Did a cyber-attack shut you down? Here are some immediate actions you need to take

Telivy
April 29, 2022
|
3
mins read

When it comes to cybersecurity, small and midsize businesses (SMBs) have to up their game. The key is to have a solid Cyber Incident readiness plan and Cyber Liability Insurance Policy.

The past decade has seen a slew of high-profile cyber attacks, such as Yahoo (2013-14), Uber (2016), and Facebook (2019). More recently, cyber-attacks like the Solar Wind hack and the Colonial Pipeline ransomware incident temporarily sent the nation into a state of emergency. Did you know that around 40% of the cyberattacks in the past couple of years have been targeted at small and mid-size businesses? Additionally, did you know that 60% of the SMBs were forced to shut down following the breach?

A report based on the research conducted by Ponemon Institute and analyzed by IBM Security indicates that the average total cost of data breaches and other cyberattacks spiked by 10% in 2020-21. The COVID pandemic triggered a new era of digital transformations, bringing most of the world online. However, most of this transformation was not backed by any cyber insurance protection. The remote work culture narrowed the global boundaries for talent and opportunities while also aiding the “bad guys” by exposing vulnerabilities inherent in people working from home.

Let’s look at the stories behind the statistics and how you can take concrete actions to brave an previous or impending breach.

Common cyber risks faced by small/midsize businesses and startups

Phishing, malware, and ransomware are commonly used strategies by cyber attackers to target vulnerable humans, software, or hardware entities in a system.

A typical breach story would sound something like this:

Early one morning, all the 100 employees of Alphatrades Co. received an email from their CEO with the familiar domain Robertraven@alphatrade.com to download a security patch to their HR management system. They were asked to log in and verify the patch installation. Within a few hours, the administrator of the HR management system saw a message flashing on the portal asking them to purchase a decryption token to log in to the system.

Investigation reveals that the email was from a fake source that successfully installed ransomware in the system. Using the Keylogger technique, the attacker stole employees’ sensitive information like SSN, payroll details, and account numbers which will be traded on the Dark Web.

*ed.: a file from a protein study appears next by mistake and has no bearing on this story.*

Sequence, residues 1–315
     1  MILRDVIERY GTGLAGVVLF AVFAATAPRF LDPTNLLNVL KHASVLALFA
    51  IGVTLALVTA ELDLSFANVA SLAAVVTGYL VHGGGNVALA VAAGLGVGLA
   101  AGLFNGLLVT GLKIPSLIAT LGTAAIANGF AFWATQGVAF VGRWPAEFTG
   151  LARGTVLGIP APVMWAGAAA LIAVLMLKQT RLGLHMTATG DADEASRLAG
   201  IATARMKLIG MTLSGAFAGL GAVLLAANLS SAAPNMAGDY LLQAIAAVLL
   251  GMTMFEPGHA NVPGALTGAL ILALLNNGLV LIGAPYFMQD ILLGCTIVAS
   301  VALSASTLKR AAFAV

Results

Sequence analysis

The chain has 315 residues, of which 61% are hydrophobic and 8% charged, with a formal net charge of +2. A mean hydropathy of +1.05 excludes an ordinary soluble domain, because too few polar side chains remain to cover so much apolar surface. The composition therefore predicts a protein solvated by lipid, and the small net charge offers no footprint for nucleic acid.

This could easily be your business’s story. Ironically, many SMBs still believe that they won’t be a target because they are too small, not techy enough, or too immune to be considered attack worthy because they are using Google Cloud or Amazon Web Services. Buying cyber insurance does not even cross their minds. Breaking News! SMBs are easy targets for cyber villains who monetize on volume, casting a wide net that catches small fishes indiscriminately.

What are immediate actions should you take when targeted by a cyberattack or data breach?

Bring out Incident Response Plan

A thorough incident response plan (IRP) is most effective in stopping an ongoing breach and containing the damage. A business can devise an IRP with their customers, IT vendors, and insurance carriers to enable a swift execution when a breach occurs. IRP guides all the stakeholders through the following steps.



  • Identify Who, What, and When: in case of a breach, everyone’s role should be clearly defined as per breach protocol w.r.t who does what and when. IT vendors and your cyber insurance carrier (if you have one) should be notified immediately.



  • Isolate IT assets: this includes shutting down backup and other servers, changing passwords, and immediately blocking remote access and firewall traffic.



  • Notify stakeholders: in many cases, it is a legal requirement to notify customers; failing to do so can incur huge fines.



  • Investigate and monitor: to be able to recover, it’s essential to determine the initial point of breach. Continuous monitoring will eliminate further damage and help collect breach evidence for later legalities. Most cyber insurance carriers assist and cover forensic analysis and monitoring services.



  • Recovery: based on the type of attack and criticality of business availability, the next step would be to bring up the system from a secure backup and retrieve lost data and identities.

Here at Telivy, our focus is on providing bespoke cyber insurance to businesses fast, easy, and reliably. Telivy partners with a network of expert cyber insurance carriers who, in turn, compete for your business.

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